April 4, 2006 5:47 AM PDT

Linux lab looks to bridge dueling interfaces

BOSTON--Open Source Development Labs is previewing work that attempts to make life easier for software companies by bridging GNOME and KDE, the two competing graphical interfaces most widely used with Linux.

The effort, called Portland Project, began showing its first software tools on Tuesday in conjunction with this week's LinuxWorld Conference & Expo here. Using them, a software company can write a single software package that works using either of the prevailing graphical interfaces.

LinuxWorld Boston 2006 roundup

OSDL and a cooperating group called Freedesktop.org, which is already working on unifying interface issues, plan to release a beta version of the software in May and version 1.0 in June. Ultimately, advocates hope that it will be part of a larger but separate effort called Linux Standard Base, which is designed to make the operating system easier for software companies to use.

Portland Project began as a meeting among developers at OSDL in Portland, Ore., in December, organizers said. KDE and the GNOME Foundation both endorsed the project.

Unlike Windows and Mac OS X, Linux has two major sets of graphical interfaces. This presents people with different items, such as control panels; complicates cut-and-paste operations; and requires programmers to be aware of what underpinnings they're using for elements such as dialogue boxes or pull-down menus.

It's common for software packages with both interfaces to be installed on Linux machines, enabling programs created for either to run smoothly, but that circumstance isn't guaranteed.

Portland Project is working on two ways to gloss over the differences, a set of command-line tools and an application programming interface called DAPI. OSDL, a nonprofit consortium founded in 2000 by computing-industry heavyweights and employing Linux leader Linus Torvalds, began working on desktop Linux issues in 2003.

"Portland is promising because the historical lack of uniformity across KDE and GNOME has made it difficult for ISVs to build a single application that integrates well in both environments," Linux Standard Base chairman Ian Murdock said in an interview. But, he added, the Portland Project is just one step of many that are needed.

The Linux Standard Base plans to add the software libraries of KDE and GNOME, called Qt and Gtk, respectively, to version 3.1 of its standard. That version is scheduled to debut in early May, while version 3.2 due in early 2007 will incorporate the Portland Project's work, Murdock said.

See more CNET content tagged:
Open Source Development Labs, KDE, graphical interface, GNOME, Linux


Join the conversation!
Add your comment
Kudos to FreeDesktop.org
FreeDesktop.org has actually contributed quite a
bit to the goal of homogeneity of the desktops.

What this article doesn't really go into is to
what the specific issues are that FreeDesktop
and the Portland Project are aiming to address.
The article also confuses the "GUI" with the
desktop environment.

For the uninitiated, the two big desktop
environments are GNOME and KDE. They are built
atop a network-transparent windowing environment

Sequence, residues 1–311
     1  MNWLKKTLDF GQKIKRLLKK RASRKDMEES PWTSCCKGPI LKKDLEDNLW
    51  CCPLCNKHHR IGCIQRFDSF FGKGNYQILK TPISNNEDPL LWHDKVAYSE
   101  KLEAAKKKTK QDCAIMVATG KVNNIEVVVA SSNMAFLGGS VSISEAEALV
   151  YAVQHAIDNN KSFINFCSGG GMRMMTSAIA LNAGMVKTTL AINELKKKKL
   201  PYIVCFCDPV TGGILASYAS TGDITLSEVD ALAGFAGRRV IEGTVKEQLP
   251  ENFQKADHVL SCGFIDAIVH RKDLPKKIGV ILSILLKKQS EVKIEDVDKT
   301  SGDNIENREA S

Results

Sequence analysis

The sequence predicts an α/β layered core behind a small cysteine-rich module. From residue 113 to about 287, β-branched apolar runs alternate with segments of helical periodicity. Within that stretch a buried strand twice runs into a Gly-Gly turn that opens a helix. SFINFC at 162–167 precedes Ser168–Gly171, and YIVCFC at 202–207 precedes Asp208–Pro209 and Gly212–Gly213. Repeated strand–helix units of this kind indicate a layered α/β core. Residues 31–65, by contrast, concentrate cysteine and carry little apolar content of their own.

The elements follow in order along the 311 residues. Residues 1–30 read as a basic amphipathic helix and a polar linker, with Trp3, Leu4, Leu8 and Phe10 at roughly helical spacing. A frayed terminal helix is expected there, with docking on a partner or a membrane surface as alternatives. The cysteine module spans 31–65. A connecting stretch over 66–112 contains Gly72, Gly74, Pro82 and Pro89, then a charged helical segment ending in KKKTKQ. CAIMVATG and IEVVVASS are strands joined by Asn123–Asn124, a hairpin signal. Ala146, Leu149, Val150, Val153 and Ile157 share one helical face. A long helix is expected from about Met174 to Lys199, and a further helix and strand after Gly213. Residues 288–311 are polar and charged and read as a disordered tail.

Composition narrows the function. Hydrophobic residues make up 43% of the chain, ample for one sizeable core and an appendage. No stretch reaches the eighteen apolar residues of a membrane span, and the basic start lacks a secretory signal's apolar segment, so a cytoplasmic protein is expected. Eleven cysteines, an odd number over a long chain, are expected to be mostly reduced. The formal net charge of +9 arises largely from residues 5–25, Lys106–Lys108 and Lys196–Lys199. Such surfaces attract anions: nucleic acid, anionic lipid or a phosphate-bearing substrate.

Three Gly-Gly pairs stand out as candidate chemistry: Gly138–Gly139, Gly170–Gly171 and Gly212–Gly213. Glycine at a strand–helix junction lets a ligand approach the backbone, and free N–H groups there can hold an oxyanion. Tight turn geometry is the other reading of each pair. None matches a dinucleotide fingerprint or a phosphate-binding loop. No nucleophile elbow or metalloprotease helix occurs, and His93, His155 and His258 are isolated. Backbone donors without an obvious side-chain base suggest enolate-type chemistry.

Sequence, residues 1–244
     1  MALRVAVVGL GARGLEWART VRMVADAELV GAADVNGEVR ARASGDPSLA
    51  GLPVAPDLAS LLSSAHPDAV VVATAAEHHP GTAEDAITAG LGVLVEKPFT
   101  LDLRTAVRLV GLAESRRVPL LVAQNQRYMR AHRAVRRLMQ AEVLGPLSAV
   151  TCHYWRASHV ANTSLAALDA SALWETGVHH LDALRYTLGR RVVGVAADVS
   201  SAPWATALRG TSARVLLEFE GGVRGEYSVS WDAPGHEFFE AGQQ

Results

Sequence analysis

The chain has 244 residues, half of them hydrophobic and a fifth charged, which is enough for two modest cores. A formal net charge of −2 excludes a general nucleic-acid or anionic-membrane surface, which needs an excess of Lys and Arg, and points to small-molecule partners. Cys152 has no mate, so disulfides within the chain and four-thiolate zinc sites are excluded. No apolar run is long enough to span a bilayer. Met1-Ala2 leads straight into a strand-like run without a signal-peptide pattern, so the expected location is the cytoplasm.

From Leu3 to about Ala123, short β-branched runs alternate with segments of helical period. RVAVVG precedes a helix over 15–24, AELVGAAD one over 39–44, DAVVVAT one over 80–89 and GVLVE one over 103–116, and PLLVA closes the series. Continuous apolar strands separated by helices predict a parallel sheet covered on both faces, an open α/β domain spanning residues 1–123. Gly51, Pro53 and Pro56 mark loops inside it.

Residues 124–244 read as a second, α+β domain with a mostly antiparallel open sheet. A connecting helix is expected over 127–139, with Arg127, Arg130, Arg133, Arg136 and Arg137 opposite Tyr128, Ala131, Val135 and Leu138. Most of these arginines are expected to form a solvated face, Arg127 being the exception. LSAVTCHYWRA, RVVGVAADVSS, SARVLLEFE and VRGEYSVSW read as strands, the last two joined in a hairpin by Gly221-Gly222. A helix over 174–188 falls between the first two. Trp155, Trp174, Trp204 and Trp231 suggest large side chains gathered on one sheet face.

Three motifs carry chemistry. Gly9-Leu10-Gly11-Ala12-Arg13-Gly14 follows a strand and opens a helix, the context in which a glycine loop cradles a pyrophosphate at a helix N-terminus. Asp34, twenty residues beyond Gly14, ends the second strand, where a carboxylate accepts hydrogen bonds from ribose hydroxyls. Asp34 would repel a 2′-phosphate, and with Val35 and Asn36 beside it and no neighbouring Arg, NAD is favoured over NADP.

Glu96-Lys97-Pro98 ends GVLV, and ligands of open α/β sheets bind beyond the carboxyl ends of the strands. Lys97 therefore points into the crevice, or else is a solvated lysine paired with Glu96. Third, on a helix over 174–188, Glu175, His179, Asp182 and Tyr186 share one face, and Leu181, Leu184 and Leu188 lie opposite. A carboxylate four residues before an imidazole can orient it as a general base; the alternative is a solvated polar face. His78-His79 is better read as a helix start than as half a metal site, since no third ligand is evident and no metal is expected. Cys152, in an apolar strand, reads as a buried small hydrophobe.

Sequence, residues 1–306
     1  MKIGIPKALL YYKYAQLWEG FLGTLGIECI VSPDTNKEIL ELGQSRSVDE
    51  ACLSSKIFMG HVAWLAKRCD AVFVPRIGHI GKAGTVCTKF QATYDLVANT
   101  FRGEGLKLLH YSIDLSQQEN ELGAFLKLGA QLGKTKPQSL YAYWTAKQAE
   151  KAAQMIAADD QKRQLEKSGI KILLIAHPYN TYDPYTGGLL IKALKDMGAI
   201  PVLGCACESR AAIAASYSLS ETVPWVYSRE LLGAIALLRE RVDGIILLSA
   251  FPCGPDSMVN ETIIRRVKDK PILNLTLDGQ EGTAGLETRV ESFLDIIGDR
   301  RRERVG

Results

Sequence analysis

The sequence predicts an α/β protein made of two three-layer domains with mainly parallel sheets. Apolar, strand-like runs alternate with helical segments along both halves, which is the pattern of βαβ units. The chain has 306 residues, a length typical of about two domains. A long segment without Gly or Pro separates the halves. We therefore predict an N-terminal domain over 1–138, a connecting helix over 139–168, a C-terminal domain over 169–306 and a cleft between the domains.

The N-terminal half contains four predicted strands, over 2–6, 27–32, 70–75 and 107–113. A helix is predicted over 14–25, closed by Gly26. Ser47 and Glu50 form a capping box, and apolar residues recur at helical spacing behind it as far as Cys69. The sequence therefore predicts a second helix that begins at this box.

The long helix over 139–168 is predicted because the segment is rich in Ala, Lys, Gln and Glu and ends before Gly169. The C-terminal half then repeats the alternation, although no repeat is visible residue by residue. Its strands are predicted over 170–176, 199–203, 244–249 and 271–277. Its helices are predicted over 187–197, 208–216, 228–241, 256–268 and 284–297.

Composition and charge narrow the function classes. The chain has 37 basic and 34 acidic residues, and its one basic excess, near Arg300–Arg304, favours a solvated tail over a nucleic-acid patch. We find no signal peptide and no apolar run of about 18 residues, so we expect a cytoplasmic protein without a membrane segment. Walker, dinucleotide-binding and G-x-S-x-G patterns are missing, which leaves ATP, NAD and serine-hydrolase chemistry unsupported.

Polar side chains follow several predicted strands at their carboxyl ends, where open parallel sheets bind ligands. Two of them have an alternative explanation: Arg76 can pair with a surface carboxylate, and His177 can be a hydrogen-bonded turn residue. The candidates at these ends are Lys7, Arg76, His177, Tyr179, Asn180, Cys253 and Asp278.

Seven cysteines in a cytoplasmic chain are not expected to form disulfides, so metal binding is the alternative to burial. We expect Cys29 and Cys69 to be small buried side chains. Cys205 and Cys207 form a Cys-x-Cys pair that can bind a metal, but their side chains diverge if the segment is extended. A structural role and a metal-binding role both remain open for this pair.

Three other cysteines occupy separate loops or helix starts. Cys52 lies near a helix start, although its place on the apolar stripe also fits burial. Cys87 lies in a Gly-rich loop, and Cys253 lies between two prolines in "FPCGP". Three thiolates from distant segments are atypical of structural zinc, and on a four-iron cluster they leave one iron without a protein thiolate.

called X11 (Windows users would recognize as the
inspiration for Remote Desktop). The two
environments are based on two different
libraries which are used to render the user
interface components -- so they have a somewhat
different look and feel. Where they differ most
greatly is outside the GUI itself and in the
services that they provide for the environment
and how and where they store the configuration
information (such as layout of menus, colors and
icons used, etc.). Applications written for
GNOME and KDE will run without an issue in
either environment.

A Desktop Environment provides more than just
the GUI management, but also virtual filesystems
(Windows has this notion, though it's not
extensively used), object hosting (think
components like ActiveX), media services
(architected very different than Windows),
notification management, high-level IPC (think
ARexx, if you remember that), etc. The
environment typically presents the configuration
applets (control panels) used to configure the
desktop environment (like Windows explorer) and
system (services, printers, etc).

Some of the things FreeDesktop has worked out
are a standard way of representing the desktop
menu layout (think "Start Menu" in Windows) so
that KDE and GNOME don't use redundant methods
for representing them. The same goes with icon
themes, and association of file types with
applications (previously, KDE and GNOME stored
this information in two different places in two
different formats).

While minor, that sort of thing meant that
installing a vendor-supplied application meant
installing two sets of configuration files in
two different locations. FreeDesktop's solution
not only standardizes how the information is
stored, but does so in a fashion that is
completely application-neutral (i.e., things
other than KDE and GNOME could use it).

There are still other minor points of
discontinuity between the two, but the two
dominant platforms are rapidly closing in on
agreement on all of them.
Posted by Zymurgist (397 comments )
Reply Link Flag
And kudos to Epileptic Manatee
Very informative post. Thank you.
Posted by (54 comments )
Link Flag

Join the conversation

Add your comment

The posting of advertisements, profanity, or personal attacks is prohibited. Click here to review our Terms of Use.

What's Hot



RSS Feeds

Add headlines from CNET News to your homepage or feedreader.